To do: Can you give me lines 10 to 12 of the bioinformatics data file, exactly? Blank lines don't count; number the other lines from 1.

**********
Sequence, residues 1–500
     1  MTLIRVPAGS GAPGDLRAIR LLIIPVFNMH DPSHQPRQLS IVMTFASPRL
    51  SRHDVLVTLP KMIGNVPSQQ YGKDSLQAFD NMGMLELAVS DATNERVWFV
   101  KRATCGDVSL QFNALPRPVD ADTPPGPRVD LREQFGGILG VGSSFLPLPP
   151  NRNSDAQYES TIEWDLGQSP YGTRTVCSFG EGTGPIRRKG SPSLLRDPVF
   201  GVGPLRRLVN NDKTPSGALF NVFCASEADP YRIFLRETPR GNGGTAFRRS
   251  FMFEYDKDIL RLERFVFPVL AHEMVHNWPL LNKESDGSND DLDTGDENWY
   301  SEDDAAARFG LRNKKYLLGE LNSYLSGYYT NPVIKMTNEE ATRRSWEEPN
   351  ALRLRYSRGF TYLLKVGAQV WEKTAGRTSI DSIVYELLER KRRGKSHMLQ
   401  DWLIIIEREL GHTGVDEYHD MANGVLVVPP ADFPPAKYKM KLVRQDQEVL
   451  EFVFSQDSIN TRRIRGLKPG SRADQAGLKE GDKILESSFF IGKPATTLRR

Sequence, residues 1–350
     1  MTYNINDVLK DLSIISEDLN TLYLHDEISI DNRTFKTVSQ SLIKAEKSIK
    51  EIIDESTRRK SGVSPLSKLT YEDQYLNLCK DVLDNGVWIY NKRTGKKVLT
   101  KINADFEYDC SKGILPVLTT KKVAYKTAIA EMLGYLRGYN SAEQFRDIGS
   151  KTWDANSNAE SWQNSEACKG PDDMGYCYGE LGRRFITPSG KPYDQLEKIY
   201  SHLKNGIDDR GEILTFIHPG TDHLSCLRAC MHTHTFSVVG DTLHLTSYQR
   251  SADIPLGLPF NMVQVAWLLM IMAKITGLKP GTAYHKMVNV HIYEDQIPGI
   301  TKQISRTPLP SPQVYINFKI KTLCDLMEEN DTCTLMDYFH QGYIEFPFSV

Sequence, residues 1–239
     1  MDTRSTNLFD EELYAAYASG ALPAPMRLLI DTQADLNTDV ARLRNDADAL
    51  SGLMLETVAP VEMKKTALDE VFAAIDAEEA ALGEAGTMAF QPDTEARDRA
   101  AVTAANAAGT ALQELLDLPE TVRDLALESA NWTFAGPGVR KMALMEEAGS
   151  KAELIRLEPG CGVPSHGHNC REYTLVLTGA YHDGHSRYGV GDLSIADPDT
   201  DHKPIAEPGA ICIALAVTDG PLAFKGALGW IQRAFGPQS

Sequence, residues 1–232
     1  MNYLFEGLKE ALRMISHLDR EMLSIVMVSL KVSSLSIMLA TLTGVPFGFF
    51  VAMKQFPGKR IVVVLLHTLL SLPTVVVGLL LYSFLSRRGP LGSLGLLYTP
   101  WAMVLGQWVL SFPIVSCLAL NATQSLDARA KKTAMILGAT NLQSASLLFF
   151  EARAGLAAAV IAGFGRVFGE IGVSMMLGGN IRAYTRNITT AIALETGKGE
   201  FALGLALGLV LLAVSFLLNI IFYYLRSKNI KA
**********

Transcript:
   401  DWLIIIEREL GHTGVDEYHD MANGVLVVPP ADFPPAKYKM KLVRQDQEVL
   451  EFVFSQDSIN TRRIRGLKPG SRADQAGLKE GDKILESSFF IGKPATTLRR

Sequence, residues 1–350